Le Pen’s party would make a great leap and would obtain between 75 and 105 seats, an abysmal difference compared to the current six deputies
The party of Emmanuel Macron, who was re-elected president of France on Sunday with 58.5% of the vote after five years in the Elysee Palace, would obtain an absolute majority in the National Assembly, according to a poll by Harris Interactive for the magazine ‘Challenges’ ahead of the legislative elections that will take place on June 12 and 19. As soon as he announced his victory, the battle for the next elections began last Sunday. In two rounds, the citizens will elect their 577 deputies to the National Assembly in another 577 constituencies for the next five years.
The far-left leader, Jean-Luc Mélenchon, the third most voted candidate in the first round, proposes the June legislative elections as “a third round of the presidential elections.” In this sense, he advocates a union of the left-wing parties for the elections in a “popular union” against Macron and Le Pen.
Mélenchon is convinced that if the leftist parties unite, they could obtain a majority in the National Assembly. This would force the president to elect him prime minister, according to the calculations of the leader of the La France Insumisa party, the French Podemos.
On the other hand, the far-right Éric Zemmour, eliminated in the first round, advocates “a union of the right” in the face of the legislative elections to defeat Macron and the “Islamo-left” Mélenchon. On the other hand, in National Regroupment, Marine Le Pen’s party, they prefer to speak of a “union of patriots”, considering that the left-right division has been overcome. In this context, the prospect of an agreement between Zemmour’s party and Le Pen’s for the next elections is getting further and further away.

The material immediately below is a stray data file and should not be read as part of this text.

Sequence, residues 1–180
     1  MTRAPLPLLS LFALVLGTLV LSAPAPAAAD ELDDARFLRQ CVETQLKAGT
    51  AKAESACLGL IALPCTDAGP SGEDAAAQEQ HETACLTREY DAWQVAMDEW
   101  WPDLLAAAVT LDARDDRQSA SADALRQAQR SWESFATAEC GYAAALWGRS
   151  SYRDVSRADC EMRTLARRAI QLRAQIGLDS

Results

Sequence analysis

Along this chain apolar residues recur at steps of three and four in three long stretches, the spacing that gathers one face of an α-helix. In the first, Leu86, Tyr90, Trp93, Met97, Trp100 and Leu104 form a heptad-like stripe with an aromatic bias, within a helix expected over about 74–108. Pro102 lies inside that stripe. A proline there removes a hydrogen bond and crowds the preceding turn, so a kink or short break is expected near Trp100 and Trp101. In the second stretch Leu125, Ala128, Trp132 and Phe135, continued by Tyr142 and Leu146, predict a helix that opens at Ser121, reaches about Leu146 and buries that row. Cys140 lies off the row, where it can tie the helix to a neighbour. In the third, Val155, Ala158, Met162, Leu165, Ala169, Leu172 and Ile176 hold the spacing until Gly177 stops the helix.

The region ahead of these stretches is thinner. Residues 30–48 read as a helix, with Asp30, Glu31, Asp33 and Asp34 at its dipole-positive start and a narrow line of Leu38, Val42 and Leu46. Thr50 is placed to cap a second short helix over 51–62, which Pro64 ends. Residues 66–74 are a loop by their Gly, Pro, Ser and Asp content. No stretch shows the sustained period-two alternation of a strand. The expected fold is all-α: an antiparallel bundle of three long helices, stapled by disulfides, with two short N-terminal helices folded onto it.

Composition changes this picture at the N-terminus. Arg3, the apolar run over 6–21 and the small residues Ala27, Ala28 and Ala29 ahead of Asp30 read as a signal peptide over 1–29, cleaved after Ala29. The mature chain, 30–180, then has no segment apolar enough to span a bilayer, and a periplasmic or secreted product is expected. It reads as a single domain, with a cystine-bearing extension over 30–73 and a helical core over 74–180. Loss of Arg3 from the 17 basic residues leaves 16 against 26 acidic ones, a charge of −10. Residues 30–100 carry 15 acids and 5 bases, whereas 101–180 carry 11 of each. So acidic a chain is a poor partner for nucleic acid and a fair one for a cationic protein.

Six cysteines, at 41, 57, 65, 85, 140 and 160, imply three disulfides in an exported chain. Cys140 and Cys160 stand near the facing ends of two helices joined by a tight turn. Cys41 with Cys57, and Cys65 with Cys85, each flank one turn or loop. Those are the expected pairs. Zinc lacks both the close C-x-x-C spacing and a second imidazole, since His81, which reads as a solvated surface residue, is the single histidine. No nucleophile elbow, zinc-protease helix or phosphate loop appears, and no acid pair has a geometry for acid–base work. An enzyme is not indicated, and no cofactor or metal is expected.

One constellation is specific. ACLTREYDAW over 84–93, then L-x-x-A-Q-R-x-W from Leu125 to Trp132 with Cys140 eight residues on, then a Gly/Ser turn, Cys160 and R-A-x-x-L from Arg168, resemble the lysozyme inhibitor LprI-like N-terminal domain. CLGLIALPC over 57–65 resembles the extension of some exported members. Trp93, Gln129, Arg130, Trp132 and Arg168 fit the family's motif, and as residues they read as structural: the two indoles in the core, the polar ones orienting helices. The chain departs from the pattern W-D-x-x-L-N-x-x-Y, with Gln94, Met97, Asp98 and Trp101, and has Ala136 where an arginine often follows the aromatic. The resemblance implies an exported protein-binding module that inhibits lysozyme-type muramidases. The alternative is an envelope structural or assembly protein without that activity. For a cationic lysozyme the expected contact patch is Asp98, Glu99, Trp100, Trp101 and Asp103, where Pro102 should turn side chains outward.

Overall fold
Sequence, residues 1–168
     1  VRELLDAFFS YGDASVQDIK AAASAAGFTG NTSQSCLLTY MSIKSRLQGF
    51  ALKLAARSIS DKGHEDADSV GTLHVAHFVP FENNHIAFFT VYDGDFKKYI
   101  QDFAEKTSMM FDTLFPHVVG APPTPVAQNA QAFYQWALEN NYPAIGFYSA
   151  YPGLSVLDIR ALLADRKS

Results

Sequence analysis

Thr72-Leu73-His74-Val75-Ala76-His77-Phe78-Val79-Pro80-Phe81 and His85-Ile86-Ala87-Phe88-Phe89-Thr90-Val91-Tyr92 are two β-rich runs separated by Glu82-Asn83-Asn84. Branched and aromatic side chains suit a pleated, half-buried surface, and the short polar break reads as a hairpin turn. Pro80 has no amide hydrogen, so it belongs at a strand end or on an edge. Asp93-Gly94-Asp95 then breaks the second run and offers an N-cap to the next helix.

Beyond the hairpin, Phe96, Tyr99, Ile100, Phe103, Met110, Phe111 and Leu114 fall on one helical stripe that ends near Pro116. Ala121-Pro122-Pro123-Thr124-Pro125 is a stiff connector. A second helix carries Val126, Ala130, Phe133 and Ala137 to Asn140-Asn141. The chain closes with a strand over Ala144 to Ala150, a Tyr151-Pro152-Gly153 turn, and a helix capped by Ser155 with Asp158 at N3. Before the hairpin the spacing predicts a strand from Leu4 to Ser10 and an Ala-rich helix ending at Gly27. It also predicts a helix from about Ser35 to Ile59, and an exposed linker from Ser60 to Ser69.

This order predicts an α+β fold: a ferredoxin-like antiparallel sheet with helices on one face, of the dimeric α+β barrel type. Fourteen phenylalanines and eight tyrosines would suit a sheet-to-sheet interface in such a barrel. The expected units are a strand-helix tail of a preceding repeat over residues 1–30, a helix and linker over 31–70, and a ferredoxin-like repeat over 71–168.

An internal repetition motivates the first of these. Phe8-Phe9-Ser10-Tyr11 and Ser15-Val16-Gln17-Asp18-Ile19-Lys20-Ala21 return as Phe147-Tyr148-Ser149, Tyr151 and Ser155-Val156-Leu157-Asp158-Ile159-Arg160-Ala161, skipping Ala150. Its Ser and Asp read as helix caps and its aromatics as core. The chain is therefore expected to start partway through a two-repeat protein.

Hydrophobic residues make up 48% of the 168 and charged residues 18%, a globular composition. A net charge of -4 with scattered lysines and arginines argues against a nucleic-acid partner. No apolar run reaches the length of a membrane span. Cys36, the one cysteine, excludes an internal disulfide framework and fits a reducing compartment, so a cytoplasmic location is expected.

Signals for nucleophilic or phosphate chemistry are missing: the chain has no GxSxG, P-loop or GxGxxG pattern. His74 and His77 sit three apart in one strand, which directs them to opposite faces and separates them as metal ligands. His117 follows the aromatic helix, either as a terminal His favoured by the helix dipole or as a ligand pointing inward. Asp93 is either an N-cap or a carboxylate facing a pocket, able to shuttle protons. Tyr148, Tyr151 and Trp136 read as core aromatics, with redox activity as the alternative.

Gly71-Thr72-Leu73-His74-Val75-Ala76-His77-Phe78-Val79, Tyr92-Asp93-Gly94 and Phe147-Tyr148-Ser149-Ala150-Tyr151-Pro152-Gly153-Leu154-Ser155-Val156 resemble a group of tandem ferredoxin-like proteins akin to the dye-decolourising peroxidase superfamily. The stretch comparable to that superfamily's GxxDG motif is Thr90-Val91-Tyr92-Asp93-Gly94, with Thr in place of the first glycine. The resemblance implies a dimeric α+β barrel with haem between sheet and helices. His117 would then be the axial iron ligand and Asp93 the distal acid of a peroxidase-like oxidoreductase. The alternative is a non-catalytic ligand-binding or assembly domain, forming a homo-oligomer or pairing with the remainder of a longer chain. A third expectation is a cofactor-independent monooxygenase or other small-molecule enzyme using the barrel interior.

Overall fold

If legislative elections were held today in France, the distribution of seats in the National Assembly would be very different than it is today. These elections will be important because they will determine the room for maneuver that Macron will have to preside over France and carry out his reforms.
The results may vary depending on who the candidates are in each constituency and also on possible alliances between the parties ahead of the second round. Legislative elections traditionally usually give the president a majority, since they are now held two months after the presidential ones.
In the absence of alliances, La República en Marcha, Macron’s party, would obtain between 328 and 368 seats, compared to the current 267. It would achieve an absolute majority, according to the Harris Interactive poll. The second parliamentary force in the National Assembly would be the National Regroupment, that of Marine Le Pen, which would make a great leap and obtain between 75 and 105 seats. Currently the far-right party only has six deputies.
The Republicans party would obtain between 35 and 65 seats, far from the 101 deputies that the moderate right-wing party currently has. The France Insumisa of Jean-Luc Mélenchon, would go from having 11 deputies to getting between 25 and 45 seats. The Communist Party would obtain between 5 and 10 seats; the Socialist Party, between 20 and 40 seats, and the Ecologists between 1 to 5 seats.
In the hypothesis that alliances between the parties were produced for the legislative elections, three great poles would emerge in the National Assembly. If Macron joins with MoDem, Horizons, Republicans and UDI, this coalition could obtain an absolute majority with between 326 and 366 seats.
If the three far-right parties joined forces (National Regroupment, Reconquest and La Francia En Pie) they would obtain between 117 and 147 seats. In the event of a union of the leftist parties (La France Insumisa, the Communist Party, the Socialist Party and the Ecologists) they would obtain between 75 and 93 seats, according to the same survey.
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